Even on the Brink of a Government Shutdown, Congress Still Doesn't Get it

[Editor's Note: Keith Fitz-Gerald's rant on the U.S. government debt ceiling, and looming government shutdown, struck a chord with Money Morning's readers, which is one reason the column generated such an upbeat and enthusiastic response. It also generated some questions. So Fitz-Gerald has opted to do a follow-up. ]

At the risk of sounding trite, let me just say that "here we go again."

Overnight budget talks failed to lead to a federal budget agreement, and now we're just a few hours from the first U.S. government shutdown in 15 years. The shutdown could put 800,000 federal employees out of work, while creating a nightmare for U.S. taxpayers who are regular users of government services.

As bad as that all sounds, the shutdown threat isn't the worst thing I see here - not by a longshot.

The worst thing is that - with a $14.2 trillion national debt - the part of the budget the two sides are squabbling over is miniscule. Democrats have agreed to $34.5 billion in spending cuts, while the Republicans have agreed to $39 billion for the fiscal year that ends Sept. 30.

It's a rounding error.

There are apparently a few other issues, too, but they also are relatively minor. So here these folks are, arguing over things that really don't matter - and doing so at a time when our country is struggling to rebound from its biggest financial crisis since the Great Depression. It is without a doubt an unprecedented national dilemma - and the biggest challenge - that this country will likely see in our lifetimes, especially as we claw our way back from the brink of financial oblivion.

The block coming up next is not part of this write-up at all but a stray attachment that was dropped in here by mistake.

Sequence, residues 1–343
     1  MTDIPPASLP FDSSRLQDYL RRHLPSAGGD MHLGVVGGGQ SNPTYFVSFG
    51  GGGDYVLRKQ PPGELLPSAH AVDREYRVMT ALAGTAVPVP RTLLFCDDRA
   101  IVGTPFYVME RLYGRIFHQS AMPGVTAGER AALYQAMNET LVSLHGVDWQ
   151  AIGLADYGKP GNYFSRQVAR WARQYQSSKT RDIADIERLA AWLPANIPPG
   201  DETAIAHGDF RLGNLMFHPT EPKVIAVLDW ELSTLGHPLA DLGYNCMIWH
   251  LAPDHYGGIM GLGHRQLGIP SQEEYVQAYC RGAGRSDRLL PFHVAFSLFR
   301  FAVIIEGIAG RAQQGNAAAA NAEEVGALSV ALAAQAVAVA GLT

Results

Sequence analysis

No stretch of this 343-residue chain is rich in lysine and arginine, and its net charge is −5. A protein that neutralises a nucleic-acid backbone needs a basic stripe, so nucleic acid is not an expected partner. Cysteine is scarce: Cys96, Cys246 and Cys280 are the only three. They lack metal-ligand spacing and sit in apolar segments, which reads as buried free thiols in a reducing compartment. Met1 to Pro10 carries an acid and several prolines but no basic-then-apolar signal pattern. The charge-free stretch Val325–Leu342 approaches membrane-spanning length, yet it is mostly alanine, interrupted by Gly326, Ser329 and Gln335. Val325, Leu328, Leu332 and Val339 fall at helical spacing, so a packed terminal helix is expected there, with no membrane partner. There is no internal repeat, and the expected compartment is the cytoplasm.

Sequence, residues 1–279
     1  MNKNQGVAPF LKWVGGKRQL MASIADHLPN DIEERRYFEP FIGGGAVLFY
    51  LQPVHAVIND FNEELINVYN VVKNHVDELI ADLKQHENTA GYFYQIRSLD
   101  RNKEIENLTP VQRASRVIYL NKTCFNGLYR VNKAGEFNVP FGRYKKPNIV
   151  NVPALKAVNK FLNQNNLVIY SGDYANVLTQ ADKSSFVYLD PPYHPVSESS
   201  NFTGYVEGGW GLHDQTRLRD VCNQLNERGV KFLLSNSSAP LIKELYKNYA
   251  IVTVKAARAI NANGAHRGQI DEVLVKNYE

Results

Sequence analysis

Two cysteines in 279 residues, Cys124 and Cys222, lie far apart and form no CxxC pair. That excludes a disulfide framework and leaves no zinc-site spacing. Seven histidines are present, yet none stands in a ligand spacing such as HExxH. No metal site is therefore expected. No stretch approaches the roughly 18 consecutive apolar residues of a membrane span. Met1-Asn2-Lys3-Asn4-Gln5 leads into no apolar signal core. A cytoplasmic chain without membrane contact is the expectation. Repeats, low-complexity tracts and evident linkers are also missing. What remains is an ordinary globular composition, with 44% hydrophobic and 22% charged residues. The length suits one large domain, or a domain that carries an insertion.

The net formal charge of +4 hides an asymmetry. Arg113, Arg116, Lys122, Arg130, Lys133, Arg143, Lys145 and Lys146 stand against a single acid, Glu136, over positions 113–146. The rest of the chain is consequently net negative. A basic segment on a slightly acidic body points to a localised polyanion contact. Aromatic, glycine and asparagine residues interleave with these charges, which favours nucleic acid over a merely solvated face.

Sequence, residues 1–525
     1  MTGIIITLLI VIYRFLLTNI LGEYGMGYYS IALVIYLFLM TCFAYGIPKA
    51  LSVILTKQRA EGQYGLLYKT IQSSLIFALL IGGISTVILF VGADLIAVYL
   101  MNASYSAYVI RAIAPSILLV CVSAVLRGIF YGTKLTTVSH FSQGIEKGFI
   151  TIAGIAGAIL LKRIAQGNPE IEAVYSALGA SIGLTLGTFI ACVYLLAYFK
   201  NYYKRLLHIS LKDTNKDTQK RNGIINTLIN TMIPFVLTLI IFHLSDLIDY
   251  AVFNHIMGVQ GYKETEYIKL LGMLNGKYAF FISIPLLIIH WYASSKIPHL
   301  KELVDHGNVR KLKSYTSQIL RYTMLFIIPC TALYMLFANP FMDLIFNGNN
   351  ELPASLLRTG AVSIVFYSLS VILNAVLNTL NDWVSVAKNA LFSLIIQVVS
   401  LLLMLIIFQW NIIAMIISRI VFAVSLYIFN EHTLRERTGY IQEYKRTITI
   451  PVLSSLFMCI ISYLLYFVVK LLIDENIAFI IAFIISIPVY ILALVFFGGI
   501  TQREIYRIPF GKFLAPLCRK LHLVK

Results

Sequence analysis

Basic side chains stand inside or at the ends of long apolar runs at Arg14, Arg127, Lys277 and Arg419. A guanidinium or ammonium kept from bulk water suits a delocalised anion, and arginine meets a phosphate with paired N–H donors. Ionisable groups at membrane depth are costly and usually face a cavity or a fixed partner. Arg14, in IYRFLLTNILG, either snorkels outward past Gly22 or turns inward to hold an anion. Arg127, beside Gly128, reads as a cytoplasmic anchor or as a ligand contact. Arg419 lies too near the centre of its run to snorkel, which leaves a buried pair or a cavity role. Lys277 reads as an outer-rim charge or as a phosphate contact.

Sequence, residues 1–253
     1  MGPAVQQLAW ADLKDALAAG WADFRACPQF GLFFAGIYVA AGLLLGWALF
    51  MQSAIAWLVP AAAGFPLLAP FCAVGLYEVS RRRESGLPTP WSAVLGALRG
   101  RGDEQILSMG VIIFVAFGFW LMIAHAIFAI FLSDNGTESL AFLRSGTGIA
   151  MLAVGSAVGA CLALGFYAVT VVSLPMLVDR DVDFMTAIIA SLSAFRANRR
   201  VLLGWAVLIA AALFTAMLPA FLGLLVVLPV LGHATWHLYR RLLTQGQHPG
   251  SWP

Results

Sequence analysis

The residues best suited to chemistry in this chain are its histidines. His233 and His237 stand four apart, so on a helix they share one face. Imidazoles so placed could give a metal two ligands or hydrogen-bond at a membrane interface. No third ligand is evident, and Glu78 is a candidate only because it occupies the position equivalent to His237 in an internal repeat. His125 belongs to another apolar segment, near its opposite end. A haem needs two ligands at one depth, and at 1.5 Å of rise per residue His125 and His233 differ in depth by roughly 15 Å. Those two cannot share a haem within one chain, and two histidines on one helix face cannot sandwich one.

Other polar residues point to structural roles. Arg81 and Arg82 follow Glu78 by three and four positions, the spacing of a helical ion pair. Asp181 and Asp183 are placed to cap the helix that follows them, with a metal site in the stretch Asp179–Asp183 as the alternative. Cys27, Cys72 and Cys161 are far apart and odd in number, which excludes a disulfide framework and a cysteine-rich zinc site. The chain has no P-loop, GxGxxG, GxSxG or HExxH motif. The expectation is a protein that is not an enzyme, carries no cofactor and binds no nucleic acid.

And yet, even in the face of such high stakes, our elected leaders can't dispense with the picayune, irrelevant, self-promoting maneuvering that's filling the airwaves right now. Our leaders ought to be prohibited from making TV appearances until they actually solve this problem, but that's a story for another time.

It's no wonder Main Street has become so disillusioned with Washington - and Wall Street (to which Washington is so closely tied).

No wonder the polls I've seen suggest that a growing number of people think a shutdown would be good; that way, at least, our friends down in Washington would be blocked from doing any additional damage.

The budget fight has deteriorated to the point of sheer stupidity. Instead of worrying about what the other party is or isn't doing, the Beltway Boys would be far better served to focus their ire (if they really have any) on preserving this country's financial future: The $20 billion, $40 billion, or $60 billion in question isn't going to mean squat in the long-term scheme of things if there isn't a "long term" to deal with.

Any budget accord has got to move beyond extremely shortsighted rhetoric and address events that will unfold against the much longer context of history. Were I down there on Capitol Hill, I'd tell the members of Congress: "That's just reality guys ... do your jobs."